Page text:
All those things combined made another infectious disease doctor in Peoria take a closer look "because so much of what was going on with Joe was not typical," Difanis said.
In late July, they got the preliminary diagnosis of CGD.
No. 2 on the way
Learning that it was inherited — it's generally passed from mothers to sons — both Difanis and her son had more blood tests. The disease had not surfaced in previous generations.
According to the National Institutes of Health, CGD is estimated to occur in 1 in 200,000 to 250,000 people worldwide.
"I got my blood results back that I was a carrier. By that time, we already knew I was pregnant," she said.
Joe's doctor began a regimen of powerful antibiotics and steroids that have kept his inflammations and infections pretty much in check since summer.
Since his release from the hospital in Peoria after the kidney removal and the scare with the other kidney, Joe has gained six pounds and grown three inches.
He gave his mother one of her best birthday presents ever on Nov. 21, when he walked alone for the first time.
"The week before he was crawling. The next week he went up the stairs by himself," she said.
As Joe held his own, his doctor in Peoria contacted a colleague considered the country's leading expert on rare immune disorders, who got Joe into a clinical program at the National Institutes for Health in Bethesda, Md. The family has made two visits there with Joe so far. They do not have to pay for the research-based treatment at NIH as the doctors there are learning from Joe.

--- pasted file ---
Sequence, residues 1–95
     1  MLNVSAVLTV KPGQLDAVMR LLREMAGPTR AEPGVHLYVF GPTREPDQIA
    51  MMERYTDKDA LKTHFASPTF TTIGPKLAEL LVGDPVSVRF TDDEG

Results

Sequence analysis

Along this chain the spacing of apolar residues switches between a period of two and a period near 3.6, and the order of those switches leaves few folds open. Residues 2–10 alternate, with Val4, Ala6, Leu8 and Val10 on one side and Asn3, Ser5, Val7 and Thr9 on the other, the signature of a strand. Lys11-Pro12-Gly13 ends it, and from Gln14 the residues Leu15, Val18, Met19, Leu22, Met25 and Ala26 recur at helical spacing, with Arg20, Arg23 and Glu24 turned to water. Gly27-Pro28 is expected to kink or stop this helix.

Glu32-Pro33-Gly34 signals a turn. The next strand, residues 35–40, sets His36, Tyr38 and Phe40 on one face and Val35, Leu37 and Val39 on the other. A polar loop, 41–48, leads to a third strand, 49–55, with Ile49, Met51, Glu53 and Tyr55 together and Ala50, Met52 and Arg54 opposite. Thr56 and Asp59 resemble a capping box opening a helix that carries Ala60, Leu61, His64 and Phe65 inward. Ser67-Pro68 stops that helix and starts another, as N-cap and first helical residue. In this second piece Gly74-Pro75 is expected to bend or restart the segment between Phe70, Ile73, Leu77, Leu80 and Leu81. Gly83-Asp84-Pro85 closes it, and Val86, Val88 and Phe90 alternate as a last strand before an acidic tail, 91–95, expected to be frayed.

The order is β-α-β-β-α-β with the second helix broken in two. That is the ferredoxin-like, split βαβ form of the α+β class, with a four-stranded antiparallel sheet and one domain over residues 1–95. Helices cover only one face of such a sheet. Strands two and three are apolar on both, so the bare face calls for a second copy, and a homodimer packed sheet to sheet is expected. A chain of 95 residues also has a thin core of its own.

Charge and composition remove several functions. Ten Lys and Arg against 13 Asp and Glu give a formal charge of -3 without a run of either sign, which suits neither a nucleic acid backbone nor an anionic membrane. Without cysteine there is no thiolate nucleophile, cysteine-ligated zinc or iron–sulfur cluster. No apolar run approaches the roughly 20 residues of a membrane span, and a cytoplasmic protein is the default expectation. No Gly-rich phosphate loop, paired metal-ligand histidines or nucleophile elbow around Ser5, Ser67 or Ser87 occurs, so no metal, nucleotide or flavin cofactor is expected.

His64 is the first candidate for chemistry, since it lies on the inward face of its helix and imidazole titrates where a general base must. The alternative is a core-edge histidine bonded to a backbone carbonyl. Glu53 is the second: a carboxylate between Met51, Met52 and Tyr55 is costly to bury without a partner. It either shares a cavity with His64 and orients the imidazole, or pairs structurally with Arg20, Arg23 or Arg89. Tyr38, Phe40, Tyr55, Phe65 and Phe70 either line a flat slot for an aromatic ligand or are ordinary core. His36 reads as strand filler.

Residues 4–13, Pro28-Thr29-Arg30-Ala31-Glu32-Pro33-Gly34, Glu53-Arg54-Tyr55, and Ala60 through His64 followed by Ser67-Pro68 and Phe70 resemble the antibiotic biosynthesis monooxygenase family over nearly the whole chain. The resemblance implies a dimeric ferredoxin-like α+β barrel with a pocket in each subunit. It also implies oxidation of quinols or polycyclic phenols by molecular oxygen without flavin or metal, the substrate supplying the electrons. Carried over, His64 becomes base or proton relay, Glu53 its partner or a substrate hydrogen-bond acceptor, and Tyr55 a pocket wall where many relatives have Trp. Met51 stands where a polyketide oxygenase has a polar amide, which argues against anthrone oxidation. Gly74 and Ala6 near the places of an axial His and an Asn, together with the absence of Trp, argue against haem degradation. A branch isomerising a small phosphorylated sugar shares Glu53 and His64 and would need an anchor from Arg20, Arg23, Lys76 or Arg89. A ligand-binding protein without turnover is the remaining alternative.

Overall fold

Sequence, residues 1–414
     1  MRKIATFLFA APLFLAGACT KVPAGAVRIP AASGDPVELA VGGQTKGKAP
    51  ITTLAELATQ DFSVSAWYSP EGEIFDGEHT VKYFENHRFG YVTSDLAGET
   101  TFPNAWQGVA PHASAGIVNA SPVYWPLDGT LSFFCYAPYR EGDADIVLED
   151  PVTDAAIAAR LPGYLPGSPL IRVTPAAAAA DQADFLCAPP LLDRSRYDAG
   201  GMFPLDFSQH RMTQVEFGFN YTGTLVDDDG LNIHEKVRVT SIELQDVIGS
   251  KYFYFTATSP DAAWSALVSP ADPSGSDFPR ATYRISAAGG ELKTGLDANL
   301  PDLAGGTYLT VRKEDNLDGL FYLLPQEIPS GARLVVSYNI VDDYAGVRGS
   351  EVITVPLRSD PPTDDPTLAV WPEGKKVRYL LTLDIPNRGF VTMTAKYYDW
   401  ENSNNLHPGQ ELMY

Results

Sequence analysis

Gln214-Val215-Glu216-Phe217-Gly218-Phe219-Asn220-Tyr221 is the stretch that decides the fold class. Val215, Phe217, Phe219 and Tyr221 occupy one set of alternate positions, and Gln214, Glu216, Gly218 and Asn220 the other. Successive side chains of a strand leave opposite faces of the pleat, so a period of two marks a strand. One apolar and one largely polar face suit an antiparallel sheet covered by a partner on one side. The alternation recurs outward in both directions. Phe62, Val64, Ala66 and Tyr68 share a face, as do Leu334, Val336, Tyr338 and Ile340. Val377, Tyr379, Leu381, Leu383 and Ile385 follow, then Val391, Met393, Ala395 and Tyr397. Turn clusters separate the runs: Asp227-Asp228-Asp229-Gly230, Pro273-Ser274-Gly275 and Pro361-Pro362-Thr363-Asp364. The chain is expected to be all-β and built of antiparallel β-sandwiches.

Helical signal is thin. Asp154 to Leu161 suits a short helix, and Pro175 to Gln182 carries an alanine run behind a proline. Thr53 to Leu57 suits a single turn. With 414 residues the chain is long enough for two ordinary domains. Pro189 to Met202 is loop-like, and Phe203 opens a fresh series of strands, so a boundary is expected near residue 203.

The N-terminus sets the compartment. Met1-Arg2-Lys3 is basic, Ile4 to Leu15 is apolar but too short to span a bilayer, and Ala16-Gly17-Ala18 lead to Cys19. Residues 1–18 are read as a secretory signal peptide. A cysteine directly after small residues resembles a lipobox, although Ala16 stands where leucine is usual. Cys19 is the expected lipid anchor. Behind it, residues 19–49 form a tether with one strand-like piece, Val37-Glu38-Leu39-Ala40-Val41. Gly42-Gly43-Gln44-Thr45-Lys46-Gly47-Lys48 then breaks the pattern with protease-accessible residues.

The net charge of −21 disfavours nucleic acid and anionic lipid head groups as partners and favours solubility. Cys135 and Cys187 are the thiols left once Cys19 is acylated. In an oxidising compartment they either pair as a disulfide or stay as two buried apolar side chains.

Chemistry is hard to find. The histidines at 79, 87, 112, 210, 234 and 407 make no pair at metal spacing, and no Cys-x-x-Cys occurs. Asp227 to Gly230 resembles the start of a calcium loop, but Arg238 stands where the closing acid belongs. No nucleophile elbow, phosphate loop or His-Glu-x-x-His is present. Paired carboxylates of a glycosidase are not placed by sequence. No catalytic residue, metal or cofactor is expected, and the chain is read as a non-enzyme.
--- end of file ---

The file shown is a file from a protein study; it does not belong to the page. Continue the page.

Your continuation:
They've also had the conversation about what they can expect with son No. 2.
"He'll have the disease," Heath said. "The way the doctor put it, is that Joe is a worst-case scenario. Since we know (the second child will have it) we can keep up with the disease. As soon as he's born, he'll go on antibiotics, then later on steroids."
As of today, the only known cure is a bone marrow transplant, and Joe has about a year before that becomes critical.
"We haven't started the search for bone marrow," Difanis said.
Since granulomas can attack almost anywhere, the first order of business was to keep them from cropping up.
"His were very isolated in the urinary tract. We wanted to get a handle on these before we branched out to do anything else," Difanis said.
"He's doing well on medication. He's not an emergency case. That gives us the luxury of getting the best-case scenario lined up. We have this window of opportunity. We don't know where we'll be this time next year."